History Live and Online

New Website an Invitation to Engage

When the new Fort Sumner Historic Site/Bosque Redondo Memorial website went live earlier this year, it was only partially complete.

That was the intention. “It’s a project designed for partnership,” says site manager Aaron Roth, “to give people a sense of the history, yes, but also, to give them an opportunity to contribute in some way.”

Much like the Bosque Redondo Memorial, which celebrated the grand opening of its new exhibition, Bosque Redondo: A Place of Suffering, A Place of Survival, over Memorial Day weekend, the website introduces viewers to the history behind the Fort Sumner Historic Site. Elements from exhibition mockups were repurposed with the same font and texts on the website, giving far-flung visitors a visual and content based slice of the in-person exhibition. A timeline begins the year the historic site was opened and describes the long road to today’s Bosque Redondo Memorial.

“In 1968,” says Roth, “over 3,000 people gathered in this open field [where the site now stands] to talk about Fort Sumner.” They discussed the atrocities that occurred there during the forced march of Diné (Navajo) and N’de (Mescalero Apache) peoples to the reservation at Bosque Redondo from 1863–1868. “From that point through the website viewers can contribute to the website in other important ways, including oral histories from descendants of people held at Bosque Redondo.

What most excites Roth and other Bosque Redondo historians about the new website is its interactive option. This enables website visitors, including eager amateur historians, to dig through archives of more than 13,000 documents and directly contribute to the project via transcription. “You can actually transcribe documents for the site and learn as you go along,” Roth says.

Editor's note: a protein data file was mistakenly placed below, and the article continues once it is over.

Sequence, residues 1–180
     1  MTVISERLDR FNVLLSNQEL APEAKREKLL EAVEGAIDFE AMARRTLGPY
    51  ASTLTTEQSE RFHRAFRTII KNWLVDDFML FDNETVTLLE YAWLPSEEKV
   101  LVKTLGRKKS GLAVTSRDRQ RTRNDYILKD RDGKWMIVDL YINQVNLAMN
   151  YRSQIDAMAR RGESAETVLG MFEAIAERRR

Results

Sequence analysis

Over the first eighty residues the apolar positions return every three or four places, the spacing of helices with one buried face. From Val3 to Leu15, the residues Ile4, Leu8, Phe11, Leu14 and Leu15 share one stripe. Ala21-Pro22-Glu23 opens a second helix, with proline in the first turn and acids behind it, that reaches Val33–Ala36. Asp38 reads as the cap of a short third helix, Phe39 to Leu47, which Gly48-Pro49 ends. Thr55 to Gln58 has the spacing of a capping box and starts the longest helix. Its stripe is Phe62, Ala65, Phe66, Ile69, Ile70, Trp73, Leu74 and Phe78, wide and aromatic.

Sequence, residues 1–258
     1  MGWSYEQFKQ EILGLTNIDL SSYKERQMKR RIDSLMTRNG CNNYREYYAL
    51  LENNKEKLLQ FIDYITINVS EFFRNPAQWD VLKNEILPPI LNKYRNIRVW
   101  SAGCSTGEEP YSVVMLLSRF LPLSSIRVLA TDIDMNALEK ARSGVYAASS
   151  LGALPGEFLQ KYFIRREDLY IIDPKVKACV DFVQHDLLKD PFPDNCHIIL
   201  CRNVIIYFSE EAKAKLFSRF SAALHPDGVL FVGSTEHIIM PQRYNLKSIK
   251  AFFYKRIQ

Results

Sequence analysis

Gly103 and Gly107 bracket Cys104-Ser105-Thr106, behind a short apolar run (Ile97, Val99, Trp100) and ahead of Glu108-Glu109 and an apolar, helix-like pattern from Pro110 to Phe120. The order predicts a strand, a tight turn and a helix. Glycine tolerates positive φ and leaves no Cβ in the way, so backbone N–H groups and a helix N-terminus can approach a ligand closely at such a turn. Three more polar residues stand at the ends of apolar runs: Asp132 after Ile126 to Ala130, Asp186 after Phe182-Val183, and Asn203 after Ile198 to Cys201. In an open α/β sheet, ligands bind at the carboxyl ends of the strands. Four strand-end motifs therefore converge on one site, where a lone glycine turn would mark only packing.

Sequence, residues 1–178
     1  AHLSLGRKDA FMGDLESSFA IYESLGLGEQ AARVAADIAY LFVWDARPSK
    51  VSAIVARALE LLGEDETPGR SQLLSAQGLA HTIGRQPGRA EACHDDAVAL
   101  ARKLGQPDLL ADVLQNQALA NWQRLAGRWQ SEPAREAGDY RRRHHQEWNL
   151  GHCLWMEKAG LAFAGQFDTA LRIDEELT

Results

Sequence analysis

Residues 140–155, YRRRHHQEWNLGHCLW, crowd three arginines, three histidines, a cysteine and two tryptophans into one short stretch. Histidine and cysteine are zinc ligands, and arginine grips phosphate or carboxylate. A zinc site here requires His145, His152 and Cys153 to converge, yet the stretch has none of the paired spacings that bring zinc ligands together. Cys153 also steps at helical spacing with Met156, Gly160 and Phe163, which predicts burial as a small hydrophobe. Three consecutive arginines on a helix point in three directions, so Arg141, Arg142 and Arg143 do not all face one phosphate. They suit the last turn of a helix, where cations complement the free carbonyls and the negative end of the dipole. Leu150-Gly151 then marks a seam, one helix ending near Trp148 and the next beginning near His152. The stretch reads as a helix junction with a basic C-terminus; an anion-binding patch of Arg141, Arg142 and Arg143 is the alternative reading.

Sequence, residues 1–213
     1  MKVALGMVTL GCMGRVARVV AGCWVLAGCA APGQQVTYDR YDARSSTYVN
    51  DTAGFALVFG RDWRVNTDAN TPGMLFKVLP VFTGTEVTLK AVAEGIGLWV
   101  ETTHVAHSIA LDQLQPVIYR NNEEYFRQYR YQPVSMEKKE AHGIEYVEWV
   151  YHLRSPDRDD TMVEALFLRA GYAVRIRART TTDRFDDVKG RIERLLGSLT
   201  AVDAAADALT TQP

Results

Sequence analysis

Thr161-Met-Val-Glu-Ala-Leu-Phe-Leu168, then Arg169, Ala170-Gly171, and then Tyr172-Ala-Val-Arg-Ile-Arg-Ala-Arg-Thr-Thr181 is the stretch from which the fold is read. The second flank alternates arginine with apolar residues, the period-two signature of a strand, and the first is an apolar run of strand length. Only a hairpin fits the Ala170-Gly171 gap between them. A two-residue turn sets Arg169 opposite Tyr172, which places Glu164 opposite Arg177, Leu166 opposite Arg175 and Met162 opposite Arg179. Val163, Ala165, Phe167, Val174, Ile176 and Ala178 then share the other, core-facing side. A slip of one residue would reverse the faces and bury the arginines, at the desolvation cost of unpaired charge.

Website viewers can contribute to the website in other important ways, including oral histories from descendants of people held at Bosque Redondo. Ideally, they will take advantage of the site’s opportunity to respond to the materials provided and comment personally on their unique experiences and histories. A committee from New Mexico Historic Sites and the tribal communities represented on the site will review transcriptions and histories as they come in.

Roth says the new website’s interactivity means that the exhibition at Bosque Redondo Memorial, and its complementary online presence, will never quite be complete. In fact, he is confident that the site’s story will live and grow far beyond his tenure at Fort Sumner.

Citing the Native communities and private donors whose partnerships and funding made the exhibition possible, Roth says, “This is the kind of insurance that says we will continue to collaborate for the future.”

Fort Sumner Historic Site/Bosque Redondo Memorial website:

To support the New Mexico Historic Sites, contact Yvonne Montoya at 505.216.1592 or Yvonne@museumfoundation.org.




This article and image are from Member News Summer 2022. Screenshot from Fort Sumner Historic Site/Bosque Redondo website. Image courtesy New Mexico Historic Sites.